Some Republican state lawmakers are still worried that a 1992 United Nations pledge for sustainable development could somehow be a threat here -- and they are now trying to pass vetoed legislation to ban the international policy agreement in Missouri.
The legislature got national attention this year for its passage one evening of three extreme conservative bills: One to block the federal government's gun laws, another to reject the law of Islam and a third to prohibit the U.N.'s so-called "Agenda 21," a non-binding pledge signed more than twenty years ago by leaders of 178 nations, including President George H. W. Bush.
Republican backers of the latter bill are hoping to drum up support for an override of Democratic Governor Jay Nixon's veto, with e-mails emphasizing that their effort is "NOT a conspiracy theory."
See also: - Legislature Sends Bills to Governor Blocking Federal Gun Control, Sharia Law, U.N. - Brian Nieves V. United Nations: Why is GOP Worried About Sustainable Development? - Republican Rep. Lyle Rowland's Bill Against International Green Plan Advances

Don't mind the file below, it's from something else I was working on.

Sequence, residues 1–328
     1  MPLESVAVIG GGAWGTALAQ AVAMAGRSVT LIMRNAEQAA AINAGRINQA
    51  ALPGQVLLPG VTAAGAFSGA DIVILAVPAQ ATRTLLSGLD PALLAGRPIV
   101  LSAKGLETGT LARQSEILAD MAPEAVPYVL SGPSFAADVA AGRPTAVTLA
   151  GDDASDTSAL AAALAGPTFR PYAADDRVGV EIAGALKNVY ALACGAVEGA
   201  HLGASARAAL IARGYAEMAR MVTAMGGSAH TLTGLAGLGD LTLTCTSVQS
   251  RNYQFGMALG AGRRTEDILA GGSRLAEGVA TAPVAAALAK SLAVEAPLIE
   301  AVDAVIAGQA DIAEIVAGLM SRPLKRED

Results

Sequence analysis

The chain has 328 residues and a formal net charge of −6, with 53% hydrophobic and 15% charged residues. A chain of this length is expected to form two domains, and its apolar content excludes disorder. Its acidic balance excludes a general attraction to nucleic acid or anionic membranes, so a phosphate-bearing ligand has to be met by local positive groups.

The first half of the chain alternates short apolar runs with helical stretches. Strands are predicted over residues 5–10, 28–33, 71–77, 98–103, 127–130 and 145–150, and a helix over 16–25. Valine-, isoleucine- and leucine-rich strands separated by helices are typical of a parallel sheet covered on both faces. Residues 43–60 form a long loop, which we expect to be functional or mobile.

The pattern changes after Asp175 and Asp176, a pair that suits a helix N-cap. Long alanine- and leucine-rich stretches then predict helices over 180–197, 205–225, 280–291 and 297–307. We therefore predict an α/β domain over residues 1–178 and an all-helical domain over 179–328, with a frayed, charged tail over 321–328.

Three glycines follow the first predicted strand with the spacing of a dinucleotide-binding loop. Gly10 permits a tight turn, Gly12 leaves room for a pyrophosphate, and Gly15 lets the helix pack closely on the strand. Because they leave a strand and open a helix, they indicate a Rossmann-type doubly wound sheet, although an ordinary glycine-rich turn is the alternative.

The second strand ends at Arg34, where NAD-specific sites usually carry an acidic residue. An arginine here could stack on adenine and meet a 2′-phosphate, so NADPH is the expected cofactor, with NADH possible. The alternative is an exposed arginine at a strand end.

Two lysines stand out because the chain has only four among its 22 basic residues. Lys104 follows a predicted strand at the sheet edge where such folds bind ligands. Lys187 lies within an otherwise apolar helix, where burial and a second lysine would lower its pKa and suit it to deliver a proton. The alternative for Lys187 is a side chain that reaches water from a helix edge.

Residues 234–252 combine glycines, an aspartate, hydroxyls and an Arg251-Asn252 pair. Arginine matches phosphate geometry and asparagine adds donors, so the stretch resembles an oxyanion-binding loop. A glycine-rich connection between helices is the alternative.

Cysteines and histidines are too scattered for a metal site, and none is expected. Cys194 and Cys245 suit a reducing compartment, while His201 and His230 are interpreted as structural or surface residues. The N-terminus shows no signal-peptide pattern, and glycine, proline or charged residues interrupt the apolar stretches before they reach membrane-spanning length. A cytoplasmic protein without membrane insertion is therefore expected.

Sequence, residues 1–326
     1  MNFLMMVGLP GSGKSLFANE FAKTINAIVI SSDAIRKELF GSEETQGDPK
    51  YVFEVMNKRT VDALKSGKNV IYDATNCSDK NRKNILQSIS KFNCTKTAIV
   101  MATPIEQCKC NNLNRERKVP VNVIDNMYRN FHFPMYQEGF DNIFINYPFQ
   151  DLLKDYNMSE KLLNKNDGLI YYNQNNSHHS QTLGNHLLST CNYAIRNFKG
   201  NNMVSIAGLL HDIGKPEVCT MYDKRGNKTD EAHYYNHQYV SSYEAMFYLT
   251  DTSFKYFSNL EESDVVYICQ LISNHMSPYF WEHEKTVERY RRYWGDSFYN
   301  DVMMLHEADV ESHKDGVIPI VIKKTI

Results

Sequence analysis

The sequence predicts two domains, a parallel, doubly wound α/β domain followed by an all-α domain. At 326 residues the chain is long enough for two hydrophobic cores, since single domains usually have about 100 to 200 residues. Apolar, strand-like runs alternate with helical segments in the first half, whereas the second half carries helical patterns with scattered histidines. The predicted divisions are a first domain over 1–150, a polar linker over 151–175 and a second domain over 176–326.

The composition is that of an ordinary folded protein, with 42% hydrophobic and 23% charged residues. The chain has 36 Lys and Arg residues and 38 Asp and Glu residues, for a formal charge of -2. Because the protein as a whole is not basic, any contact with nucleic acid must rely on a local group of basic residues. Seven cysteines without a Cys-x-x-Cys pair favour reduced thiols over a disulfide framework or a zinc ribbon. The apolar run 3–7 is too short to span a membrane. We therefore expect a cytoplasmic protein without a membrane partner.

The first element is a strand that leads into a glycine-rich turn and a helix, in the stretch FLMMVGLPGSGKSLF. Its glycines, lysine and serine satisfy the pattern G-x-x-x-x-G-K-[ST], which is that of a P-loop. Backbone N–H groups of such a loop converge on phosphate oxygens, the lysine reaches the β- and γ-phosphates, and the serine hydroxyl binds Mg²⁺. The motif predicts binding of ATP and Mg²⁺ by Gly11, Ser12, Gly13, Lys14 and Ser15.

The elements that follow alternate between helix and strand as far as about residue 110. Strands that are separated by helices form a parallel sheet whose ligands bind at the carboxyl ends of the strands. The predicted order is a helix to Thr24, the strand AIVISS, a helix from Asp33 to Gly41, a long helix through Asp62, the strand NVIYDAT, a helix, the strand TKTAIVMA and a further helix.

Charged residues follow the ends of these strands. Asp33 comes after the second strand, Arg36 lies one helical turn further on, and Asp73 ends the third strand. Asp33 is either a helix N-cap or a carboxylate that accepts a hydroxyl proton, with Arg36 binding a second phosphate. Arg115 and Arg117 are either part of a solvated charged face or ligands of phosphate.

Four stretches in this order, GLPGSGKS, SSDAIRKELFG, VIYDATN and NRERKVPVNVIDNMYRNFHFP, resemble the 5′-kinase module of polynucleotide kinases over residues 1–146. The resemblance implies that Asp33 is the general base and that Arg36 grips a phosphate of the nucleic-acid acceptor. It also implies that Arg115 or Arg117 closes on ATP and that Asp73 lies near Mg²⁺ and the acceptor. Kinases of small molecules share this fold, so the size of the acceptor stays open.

The legislation prohibits the state from "implementing any policy recommendations that infringe on private property rights without due process and are traceable to Agenda 21 adopted in 1992 by the United Nations..."
Supporters of the bill believe that government officials could use Agenda 21 -- which, again, is non-binding -- to infringe on the property rights of Missourians (with one constituent expressing concerns with St. Louis bike paths, for example).
In his harshly worded veto message earlier this month, Nixon wrote:
It is fundamentally misguided and unnecessary to require local government officials to become international law experts in order to perform their duties. This legislation would spawn endless litigation frivolously attacking governmental action based on a belief that a two decades old United Nations resolution is somehow shaping decisions regarding such issues as health codes and road projects.... The premise of Senate Bill No. 265, to the extent it is discernible, is wrong and the solution it puts forth is worse.